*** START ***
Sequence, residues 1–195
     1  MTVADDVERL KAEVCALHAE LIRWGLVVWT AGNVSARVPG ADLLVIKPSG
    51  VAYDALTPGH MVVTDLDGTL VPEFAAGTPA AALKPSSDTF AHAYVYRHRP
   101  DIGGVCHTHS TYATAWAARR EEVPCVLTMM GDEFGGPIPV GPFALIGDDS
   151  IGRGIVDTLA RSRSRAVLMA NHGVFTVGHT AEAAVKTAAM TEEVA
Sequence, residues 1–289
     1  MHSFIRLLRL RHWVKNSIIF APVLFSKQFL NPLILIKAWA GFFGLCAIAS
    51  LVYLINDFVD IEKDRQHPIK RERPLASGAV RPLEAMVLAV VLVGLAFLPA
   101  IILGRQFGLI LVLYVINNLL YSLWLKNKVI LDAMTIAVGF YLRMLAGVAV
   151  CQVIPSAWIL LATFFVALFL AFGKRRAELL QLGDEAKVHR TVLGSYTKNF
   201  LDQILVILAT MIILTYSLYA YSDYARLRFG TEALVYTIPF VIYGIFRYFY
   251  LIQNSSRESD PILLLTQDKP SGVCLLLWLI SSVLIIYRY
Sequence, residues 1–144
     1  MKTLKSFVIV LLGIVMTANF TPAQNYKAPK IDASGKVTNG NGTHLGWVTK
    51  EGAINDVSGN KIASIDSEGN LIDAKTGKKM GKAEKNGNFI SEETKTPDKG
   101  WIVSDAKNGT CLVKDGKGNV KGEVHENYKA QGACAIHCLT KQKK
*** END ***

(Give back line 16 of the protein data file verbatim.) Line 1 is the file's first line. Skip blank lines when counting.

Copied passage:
   101  WIVSDAKNGT CLVKDGKGNV KGEVHENYKA QGACAIHCLT KQKK